Is Social Networking Revolutionising the World?
By Branko Miletic
- Why the ME is a hotbed of revolutionary activity
- Is social networking the cause?
- What role does social networking have in the ME?
Some people who should know better. Such as Russia’s deputy prime minister, Igor Sechin, who has recently insinuated that social networks like Twitter, Facebook and even Google are behind the revolutions in Tunisia, Egypt along with the uprisings in Libya, Yemen, Algeria and Bahrain. But is this true or are they being just a little liberal with the truth?
Twitter and other social media programs like Facebook, MySpace and Digg are information-distribution networks, updated in real-time and re-published possibly many thousands of times and transmitted all around the world in the blink of an eye. In other words Twitter for example is a bit like email – but at only 140 words a pop.
But to claim Twitter causes uprisings is like saying the French Revolution happened because of the printing press, or that the Berlin Wall only fell because of the advent of the fax machine.
Without going into every minute detail of Middle East geo-politics, the fact is that many countries in that part of the world have massive youth populations. Some countries in the Middle East have 60 per cent of their populace under the age of 40- these young people want a life and not rhetoric. They want jobs and not paranoia. The young of that part of the world want what every young person in the world wants- hope, jobs, security, life, fun, freedom, love etc.
As US journalist and social media commentator Dave Pell recently penned in The Huffington Post, “Twitter is not the root cause of these uprisings. Twitter was not repressed. Twitter did not get inspired by events in other countries. And when risks are taken, Twitter does not get beaten over the head with batons or blasted in the face with toxic gases”.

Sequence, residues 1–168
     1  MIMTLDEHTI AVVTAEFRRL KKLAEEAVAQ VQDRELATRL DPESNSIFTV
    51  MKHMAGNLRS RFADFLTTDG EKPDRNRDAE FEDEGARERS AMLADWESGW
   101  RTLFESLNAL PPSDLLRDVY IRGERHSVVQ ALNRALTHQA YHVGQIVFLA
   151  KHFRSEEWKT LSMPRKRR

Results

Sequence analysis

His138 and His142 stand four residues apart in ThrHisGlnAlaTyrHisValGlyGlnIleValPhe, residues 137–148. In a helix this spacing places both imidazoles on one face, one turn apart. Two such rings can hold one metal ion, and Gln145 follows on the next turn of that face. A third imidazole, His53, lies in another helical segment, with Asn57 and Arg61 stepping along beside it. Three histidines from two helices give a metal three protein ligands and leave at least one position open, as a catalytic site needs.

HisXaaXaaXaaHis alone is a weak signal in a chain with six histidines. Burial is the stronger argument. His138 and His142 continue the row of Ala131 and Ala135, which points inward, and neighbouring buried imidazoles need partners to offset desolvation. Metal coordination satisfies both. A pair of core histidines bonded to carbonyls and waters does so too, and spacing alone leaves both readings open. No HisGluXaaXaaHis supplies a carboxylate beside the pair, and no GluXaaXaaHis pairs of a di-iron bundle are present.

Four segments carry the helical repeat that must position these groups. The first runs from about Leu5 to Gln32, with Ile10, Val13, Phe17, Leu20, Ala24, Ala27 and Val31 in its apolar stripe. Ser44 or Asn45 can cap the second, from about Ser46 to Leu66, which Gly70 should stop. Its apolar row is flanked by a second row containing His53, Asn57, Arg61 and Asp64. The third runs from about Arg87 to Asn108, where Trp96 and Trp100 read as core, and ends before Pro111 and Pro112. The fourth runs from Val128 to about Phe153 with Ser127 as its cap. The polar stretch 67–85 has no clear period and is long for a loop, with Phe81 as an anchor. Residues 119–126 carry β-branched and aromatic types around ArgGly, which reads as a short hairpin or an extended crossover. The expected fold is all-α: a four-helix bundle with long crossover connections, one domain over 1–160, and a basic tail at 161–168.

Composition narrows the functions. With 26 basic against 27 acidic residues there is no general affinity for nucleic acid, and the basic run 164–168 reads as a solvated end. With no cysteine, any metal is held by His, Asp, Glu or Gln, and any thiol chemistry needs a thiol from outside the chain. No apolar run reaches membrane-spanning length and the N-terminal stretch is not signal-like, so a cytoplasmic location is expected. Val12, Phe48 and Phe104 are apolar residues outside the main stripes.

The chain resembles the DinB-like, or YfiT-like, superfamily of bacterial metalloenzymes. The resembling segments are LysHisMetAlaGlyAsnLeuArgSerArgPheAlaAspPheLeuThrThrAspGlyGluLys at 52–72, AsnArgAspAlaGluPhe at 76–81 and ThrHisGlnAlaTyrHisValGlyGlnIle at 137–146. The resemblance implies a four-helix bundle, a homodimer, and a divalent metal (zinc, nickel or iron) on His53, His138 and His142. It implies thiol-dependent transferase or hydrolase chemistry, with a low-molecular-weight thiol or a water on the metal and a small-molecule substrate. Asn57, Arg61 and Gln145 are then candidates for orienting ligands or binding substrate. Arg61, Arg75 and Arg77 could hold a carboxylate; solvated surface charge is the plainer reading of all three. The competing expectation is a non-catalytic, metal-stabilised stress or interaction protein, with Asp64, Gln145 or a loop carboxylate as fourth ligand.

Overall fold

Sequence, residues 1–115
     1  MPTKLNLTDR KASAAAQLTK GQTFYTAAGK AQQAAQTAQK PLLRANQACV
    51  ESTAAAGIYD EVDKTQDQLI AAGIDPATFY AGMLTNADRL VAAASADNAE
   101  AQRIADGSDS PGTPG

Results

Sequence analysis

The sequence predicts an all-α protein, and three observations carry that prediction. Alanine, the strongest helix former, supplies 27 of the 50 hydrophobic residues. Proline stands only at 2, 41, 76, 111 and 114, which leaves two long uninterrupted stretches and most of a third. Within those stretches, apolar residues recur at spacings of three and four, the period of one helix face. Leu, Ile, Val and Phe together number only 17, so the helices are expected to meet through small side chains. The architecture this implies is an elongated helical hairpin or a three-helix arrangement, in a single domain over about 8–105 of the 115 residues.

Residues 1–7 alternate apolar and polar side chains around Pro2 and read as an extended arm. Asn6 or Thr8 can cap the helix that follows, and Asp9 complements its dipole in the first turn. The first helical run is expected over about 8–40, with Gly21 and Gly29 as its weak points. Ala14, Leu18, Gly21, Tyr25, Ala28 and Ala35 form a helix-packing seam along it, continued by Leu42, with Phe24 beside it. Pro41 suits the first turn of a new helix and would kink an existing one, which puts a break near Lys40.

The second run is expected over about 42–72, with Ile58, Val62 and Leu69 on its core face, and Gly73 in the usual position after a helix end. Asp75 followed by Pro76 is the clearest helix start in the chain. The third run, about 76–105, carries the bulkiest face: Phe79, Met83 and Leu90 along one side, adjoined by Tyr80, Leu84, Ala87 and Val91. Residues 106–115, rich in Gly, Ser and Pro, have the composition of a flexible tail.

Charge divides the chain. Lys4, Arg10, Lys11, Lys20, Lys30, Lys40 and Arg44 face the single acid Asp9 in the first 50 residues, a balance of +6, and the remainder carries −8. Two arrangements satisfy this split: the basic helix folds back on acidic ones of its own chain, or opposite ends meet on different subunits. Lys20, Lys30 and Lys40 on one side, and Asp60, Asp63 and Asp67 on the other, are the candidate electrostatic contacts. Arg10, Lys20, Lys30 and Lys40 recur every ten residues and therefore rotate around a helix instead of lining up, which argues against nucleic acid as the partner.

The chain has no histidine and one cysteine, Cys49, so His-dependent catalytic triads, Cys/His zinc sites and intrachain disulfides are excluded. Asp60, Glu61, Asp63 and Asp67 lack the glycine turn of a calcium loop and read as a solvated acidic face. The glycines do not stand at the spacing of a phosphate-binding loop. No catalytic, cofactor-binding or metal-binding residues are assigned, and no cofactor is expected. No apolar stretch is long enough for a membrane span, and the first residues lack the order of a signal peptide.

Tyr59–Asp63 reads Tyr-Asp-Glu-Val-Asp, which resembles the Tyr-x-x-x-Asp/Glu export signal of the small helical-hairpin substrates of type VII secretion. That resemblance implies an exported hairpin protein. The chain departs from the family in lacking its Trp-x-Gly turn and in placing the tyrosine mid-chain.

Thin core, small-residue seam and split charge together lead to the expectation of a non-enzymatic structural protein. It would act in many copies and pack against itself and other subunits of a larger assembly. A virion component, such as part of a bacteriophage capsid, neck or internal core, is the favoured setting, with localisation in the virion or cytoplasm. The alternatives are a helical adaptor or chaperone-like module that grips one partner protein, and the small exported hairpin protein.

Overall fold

And let’s not get too warm and cuddly about internet usage in the Middle East- in Egypt for example only 1 in 6 people are online- hardly the catalyst for an overthrow of the government. In places like Yemen and Libya that figure is even lower- and what about Al-Jazeera? The Qatari-based satellite TV service may well have something to say about opening the eyes of Arab youth.
Twitter is not a force for change- it is a tool used by those that want to force change- the same as email, the telephone, the TV, the graffiti on the wall and of course, the spoken and printed word has been for many centuries.
Perhaps the last words should go to The Financial Times newspaper. “The commentary about the role of social media in Egypt has become so breathless that it is easy to forget that the French managed to storm the Bastille without the help of Twitter – and the Bolsheviks took the Winter Palace without pausing to post photos of each other on Facebook”.
While it can be said that social networking has been the conduit of spreading the message, you would be hard-pressed to make an argument that it was the cause.